# sDistance: Function to compute the pairwise distance for a given data... In supraHex: supraHex: a supra-hexagonal map for analysing tabular omics data

## Description

`sDistance` is supposed to compute and return the distance matrix between the rows of a data matrix using a specified distance metric

## Usage

 ```1 2 3``` ```sDistance(data, metric = c("pearson", "spearman", "kendall", "euclidean", "manhattan", "cos", "mi")) ```

## Arguments

 `data` a data frame or matrix of input data `metric` distance metric used to calculate a symmetric distance matrix. See 'Note' below for options available

## Value

• `dist`: a symmetric distance matrix of nRow x nRow, where nRow is the number of rows of input data matrix

## Note

The distance metrics are supported:

• "pearson": Pearson correlation. Note that two curves that have identical shape, but different magnitude will still have a correlation of 1

• "spearman": Spearman rank correlation. As a nonparametric version of the pearson correlation, it calculates the correlation between the ranks of the data values in the two vectors (more robust against outliers)

• "kendall": Kendall tau rank correlation. Compared to spearman rank correlation, it goes a step further by using only the relative ordering to calculate the correlation. For all pairs of data points (x_i, y_i) and (x_j, y_j), it calls a pair of points either as concordant (Nc in total) if (x_i - x_j)*(y_i - y_j)>0, or as discordant (Nd in total) if (x_i - x_j)*(y_i - y_j)<0. Finally, it calculates gamma coefficient (Nc-Nd)/(Nc+Nd) as a measure of association which is highly resistant to tied data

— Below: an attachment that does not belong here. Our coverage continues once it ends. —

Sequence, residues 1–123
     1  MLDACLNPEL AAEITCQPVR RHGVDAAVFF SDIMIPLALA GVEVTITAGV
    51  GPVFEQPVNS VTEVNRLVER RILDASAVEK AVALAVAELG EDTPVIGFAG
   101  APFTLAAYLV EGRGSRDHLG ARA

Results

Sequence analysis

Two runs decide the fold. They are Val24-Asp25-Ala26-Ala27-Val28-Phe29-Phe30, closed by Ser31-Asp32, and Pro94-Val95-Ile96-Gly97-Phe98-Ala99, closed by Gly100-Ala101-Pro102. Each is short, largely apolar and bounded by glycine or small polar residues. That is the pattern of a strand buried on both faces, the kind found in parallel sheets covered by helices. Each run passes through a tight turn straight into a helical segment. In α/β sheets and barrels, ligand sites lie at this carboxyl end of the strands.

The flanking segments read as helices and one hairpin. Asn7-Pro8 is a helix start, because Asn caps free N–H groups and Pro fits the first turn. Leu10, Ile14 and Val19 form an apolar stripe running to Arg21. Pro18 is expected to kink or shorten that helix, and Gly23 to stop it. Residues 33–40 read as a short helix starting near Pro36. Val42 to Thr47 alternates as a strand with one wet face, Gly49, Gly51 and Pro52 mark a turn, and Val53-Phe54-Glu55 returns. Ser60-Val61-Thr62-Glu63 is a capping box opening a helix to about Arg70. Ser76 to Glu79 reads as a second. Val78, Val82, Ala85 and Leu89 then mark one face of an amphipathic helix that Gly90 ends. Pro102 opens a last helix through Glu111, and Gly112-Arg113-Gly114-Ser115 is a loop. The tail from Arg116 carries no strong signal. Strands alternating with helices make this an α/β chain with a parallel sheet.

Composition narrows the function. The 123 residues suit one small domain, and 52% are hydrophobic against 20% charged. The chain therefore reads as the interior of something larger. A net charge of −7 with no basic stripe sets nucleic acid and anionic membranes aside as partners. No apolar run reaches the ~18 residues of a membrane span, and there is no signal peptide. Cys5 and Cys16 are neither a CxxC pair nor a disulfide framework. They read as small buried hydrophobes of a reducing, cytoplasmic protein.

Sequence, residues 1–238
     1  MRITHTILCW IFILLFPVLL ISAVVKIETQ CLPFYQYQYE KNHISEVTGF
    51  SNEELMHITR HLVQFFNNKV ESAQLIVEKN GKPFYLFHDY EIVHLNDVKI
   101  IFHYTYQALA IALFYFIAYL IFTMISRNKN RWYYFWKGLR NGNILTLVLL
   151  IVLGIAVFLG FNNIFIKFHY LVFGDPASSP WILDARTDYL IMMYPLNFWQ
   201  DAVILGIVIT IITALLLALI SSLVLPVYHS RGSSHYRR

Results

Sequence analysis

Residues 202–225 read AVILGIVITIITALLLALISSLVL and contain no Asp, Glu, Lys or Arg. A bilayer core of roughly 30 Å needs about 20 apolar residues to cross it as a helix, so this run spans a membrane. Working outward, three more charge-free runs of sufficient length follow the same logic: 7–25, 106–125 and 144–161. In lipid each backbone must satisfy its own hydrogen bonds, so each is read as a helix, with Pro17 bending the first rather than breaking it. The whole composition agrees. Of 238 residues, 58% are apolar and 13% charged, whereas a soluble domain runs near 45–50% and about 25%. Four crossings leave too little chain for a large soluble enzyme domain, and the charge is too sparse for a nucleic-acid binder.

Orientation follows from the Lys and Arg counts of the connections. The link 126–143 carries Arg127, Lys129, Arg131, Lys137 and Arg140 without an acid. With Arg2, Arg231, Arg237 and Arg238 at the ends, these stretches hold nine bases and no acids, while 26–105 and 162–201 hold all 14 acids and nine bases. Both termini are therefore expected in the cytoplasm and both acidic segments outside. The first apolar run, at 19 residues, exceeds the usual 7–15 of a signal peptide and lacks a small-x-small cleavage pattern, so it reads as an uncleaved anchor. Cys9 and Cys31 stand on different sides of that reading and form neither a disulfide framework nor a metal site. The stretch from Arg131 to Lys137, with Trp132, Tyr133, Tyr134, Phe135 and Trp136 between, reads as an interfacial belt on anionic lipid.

• "euclidean": Euclidean distance. Unlike the correlation-based distance measures, it takes the magnitude into account (input data should be suitably normalized

• "manhattan": Cityblock distance. The distance between two vectors is the sum of absolute value of their differences along any coordinate dimension

• "cos": Cosine similarity. As an uncentered version of pearson correlation, it is a measure of similarity between two vectors of an inner product space, i.e., measuring the cosine of the angle between them (using a dot product and magnitude)

• "mi": Mutual information (MI). MI provides a general measure of dependencies between variables, in particular, positive, negative and nonlinear correlations. The caclulation of MI is implemented via applying adaptive partitioning method for deriving equal-probability bins (i.e., each bin contains approximately the same number of data points). The number of bins is heuristically determined (the lower bound): 1+log2(n), where n is the length of the vector. Because MI increases with entropy, we normalize it to allow comparison of different pairwise clone similarities: 2*MI/[H(x)+H(y)], where H(x) and H(y) stand for the entropy for the vector x and y, respectively

`sDmatCluster`
 ``` 1 2 3 4 5 6 7 8 9 10 11 12 13 14 15 16 17 18 19``` ```# 1) generate an iid normal random matrix of 100x10 data <- matrix( rnorm(100*10,mean=0,sd=1), nrow=100, ncol=10) # 2) calculate distance matrix using different metric sMap <- sPipeline(data=data) # 2a) using "pearson" metric dist <- sDistance(data=data, metric="pearson") # 2b) using "cos" metric # dist <- sDistance(data=data, metric="cos") # 2c) using "spearman" metric # dist <- sDistance(data=data, metric="spearman") # 2d) using "kendall" metric # dist <- sDistance(data=data, metric="kendall") # 2e) using "euclidean" metric # dist <- sDistance(data=data, metric="euclidean") # 2f) using "manhattan" metric # dist <- sDistance(data=data, metric="manhattan") # 2g) using "mi" metric # dist <- sDistance(data=data, metric="mi") ```